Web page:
As you read the title of this post you may ask yourself - Hmmm, raising an event... wasn't that achievable with 1-2 lines of code? How smaller could it get, 0 lines of code?
And you're almost right, to raise an event is not such a big deal. Supposing you have an event of type EventHandler.

public event EventHandler Clicked;  

Typically you have a virtual protected method which raises the event:

protected virtual void OnClicked(EventArgs e)  
    if (Clicked != null)  
        Clicked(this, e);  


Pretty simple unless you want to be thread safe (well... almost thread safe), then you should add one additional line:

protected virtual void OnClicked(EventArgs e)  
    var handler = Click;  
    if (handler != null)  
        handler(this, e);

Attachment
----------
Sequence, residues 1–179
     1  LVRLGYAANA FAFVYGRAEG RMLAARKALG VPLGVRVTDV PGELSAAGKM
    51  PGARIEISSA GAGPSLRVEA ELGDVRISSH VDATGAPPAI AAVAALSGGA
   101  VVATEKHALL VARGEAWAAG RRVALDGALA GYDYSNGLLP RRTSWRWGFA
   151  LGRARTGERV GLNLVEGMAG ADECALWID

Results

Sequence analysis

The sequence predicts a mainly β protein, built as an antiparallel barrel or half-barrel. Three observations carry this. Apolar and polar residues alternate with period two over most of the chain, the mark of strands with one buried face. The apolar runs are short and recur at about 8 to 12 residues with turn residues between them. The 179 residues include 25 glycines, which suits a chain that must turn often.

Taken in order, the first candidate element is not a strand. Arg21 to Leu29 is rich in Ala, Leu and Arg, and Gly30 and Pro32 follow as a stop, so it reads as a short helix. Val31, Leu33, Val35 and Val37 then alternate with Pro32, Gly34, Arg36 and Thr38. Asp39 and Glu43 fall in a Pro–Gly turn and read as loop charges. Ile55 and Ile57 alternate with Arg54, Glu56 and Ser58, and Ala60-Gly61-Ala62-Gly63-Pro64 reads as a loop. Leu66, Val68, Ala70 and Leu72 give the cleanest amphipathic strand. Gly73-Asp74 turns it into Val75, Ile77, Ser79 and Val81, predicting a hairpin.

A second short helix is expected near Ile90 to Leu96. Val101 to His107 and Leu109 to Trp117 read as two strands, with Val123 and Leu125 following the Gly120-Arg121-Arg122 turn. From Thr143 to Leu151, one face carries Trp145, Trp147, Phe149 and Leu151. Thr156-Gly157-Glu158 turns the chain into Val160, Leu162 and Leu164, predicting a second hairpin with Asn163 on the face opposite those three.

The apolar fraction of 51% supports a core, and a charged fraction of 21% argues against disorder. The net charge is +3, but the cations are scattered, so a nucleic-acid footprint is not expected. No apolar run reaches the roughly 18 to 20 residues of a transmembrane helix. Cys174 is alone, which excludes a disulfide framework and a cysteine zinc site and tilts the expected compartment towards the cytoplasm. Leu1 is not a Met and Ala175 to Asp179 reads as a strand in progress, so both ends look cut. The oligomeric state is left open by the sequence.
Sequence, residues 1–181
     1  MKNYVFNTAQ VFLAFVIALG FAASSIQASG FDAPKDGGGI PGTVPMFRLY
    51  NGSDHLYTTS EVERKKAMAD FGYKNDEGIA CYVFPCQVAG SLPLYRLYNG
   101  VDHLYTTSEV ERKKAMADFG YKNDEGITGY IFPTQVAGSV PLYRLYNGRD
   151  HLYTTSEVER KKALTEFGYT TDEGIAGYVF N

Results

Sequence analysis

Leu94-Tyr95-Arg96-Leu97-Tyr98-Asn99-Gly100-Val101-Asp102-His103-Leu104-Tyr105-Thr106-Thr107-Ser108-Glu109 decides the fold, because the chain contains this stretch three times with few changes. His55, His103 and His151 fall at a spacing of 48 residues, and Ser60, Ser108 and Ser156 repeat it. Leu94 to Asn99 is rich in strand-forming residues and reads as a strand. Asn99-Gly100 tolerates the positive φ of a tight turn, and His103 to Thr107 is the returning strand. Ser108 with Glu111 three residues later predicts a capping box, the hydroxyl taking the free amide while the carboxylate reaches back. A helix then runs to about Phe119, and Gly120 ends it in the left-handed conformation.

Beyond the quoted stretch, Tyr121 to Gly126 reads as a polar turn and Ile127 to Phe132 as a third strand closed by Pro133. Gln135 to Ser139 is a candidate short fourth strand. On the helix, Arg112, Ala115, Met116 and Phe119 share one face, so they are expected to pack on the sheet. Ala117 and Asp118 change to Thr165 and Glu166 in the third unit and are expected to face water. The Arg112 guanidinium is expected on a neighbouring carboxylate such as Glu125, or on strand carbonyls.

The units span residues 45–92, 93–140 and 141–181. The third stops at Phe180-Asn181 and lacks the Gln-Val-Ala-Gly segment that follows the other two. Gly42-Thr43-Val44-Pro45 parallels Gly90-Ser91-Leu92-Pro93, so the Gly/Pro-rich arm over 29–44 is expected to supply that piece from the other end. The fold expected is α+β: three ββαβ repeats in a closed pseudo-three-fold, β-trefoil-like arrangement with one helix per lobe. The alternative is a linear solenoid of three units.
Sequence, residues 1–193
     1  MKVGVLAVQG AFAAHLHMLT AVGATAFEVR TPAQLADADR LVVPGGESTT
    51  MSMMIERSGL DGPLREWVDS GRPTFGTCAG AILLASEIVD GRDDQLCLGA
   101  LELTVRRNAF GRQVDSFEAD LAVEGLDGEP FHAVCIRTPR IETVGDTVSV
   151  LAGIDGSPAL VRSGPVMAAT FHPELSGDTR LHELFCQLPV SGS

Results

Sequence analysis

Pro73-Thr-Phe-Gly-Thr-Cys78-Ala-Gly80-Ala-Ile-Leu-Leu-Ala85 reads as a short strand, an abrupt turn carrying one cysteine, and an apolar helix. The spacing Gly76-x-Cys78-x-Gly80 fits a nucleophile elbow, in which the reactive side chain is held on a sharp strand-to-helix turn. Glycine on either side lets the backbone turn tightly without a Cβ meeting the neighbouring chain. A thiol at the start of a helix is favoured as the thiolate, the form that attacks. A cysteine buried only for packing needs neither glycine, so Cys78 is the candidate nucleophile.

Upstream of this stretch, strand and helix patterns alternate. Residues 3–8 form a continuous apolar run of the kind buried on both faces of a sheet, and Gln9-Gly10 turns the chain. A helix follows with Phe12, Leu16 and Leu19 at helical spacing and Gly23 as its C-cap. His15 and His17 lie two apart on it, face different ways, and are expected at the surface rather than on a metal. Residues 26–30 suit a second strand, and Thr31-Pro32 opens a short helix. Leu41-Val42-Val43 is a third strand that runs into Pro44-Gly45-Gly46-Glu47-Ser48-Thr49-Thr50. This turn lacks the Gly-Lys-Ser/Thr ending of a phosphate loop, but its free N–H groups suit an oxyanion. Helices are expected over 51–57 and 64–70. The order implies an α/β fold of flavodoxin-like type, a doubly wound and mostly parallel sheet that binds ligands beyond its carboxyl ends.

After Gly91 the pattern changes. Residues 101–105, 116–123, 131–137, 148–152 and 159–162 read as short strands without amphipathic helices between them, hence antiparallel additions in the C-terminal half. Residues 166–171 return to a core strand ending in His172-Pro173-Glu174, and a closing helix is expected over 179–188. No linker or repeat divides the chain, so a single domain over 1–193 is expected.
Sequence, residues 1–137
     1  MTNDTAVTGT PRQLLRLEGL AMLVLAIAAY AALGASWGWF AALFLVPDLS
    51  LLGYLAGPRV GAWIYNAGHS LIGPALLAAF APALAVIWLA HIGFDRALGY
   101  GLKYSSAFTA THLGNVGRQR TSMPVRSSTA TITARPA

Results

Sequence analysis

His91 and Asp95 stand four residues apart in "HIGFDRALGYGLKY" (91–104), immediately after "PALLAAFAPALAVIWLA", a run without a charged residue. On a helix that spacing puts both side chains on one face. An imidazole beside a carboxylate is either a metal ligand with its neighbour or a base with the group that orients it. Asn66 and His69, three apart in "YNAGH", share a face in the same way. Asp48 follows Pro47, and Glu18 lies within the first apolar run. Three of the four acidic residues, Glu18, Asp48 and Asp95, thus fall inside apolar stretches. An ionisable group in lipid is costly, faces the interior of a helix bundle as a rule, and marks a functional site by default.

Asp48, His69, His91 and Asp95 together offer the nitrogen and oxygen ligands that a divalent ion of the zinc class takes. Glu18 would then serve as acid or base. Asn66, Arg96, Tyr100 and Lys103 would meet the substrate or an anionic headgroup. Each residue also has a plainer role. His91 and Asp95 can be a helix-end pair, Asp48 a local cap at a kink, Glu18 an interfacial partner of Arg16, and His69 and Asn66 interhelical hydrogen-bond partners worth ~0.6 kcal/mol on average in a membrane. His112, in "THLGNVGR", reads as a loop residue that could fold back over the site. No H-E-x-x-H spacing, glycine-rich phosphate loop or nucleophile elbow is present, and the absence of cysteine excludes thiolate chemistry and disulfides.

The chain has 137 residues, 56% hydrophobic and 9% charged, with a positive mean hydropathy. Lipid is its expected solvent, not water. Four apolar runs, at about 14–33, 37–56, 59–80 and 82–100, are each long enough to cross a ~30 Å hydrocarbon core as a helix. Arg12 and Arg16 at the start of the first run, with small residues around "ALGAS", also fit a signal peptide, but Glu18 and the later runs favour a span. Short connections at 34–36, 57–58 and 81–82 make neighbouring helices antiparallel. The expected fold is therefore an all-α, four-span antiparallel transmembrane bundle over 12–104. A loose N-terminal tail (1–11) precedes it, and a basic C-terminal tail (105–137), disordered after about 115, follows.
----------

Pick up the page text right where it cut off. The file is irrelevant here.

You could go on and live with it but as you add more and more events to your class you could start looking for ways to optimize the repetitive work.
One possible way to optimize it is to assign an empty delegate by default to your events:

public event EventHandler Clicked = delegate {};  

then in the virtual method you could just have:

protected virtual void OnClicked(EventArgs e)  
    Clicked(this, e);  


You'll be thread safe and you won't need to check for a null event. And you'll have less lines of code :)

If you don't like this approach (maybe because of the empty delegate) or if you have to deal with events which you can't modify, you could still make your life easier using an extension method.

static public void Raise(this EventHandler eventHanlder, object sender, EventArgs e)  
    if (eventHandler != null)  
        eventHandler(sender, e);  

Then when you want to raise the event you could just do:

Clicked.Raise(this, e);  


Should you be using .NET 2.0 you could still use a helper class and do the following:

EventHelper.Raise(Clicked, this, e);  


Hope this helps :)

About the Author

Hristo Kosev



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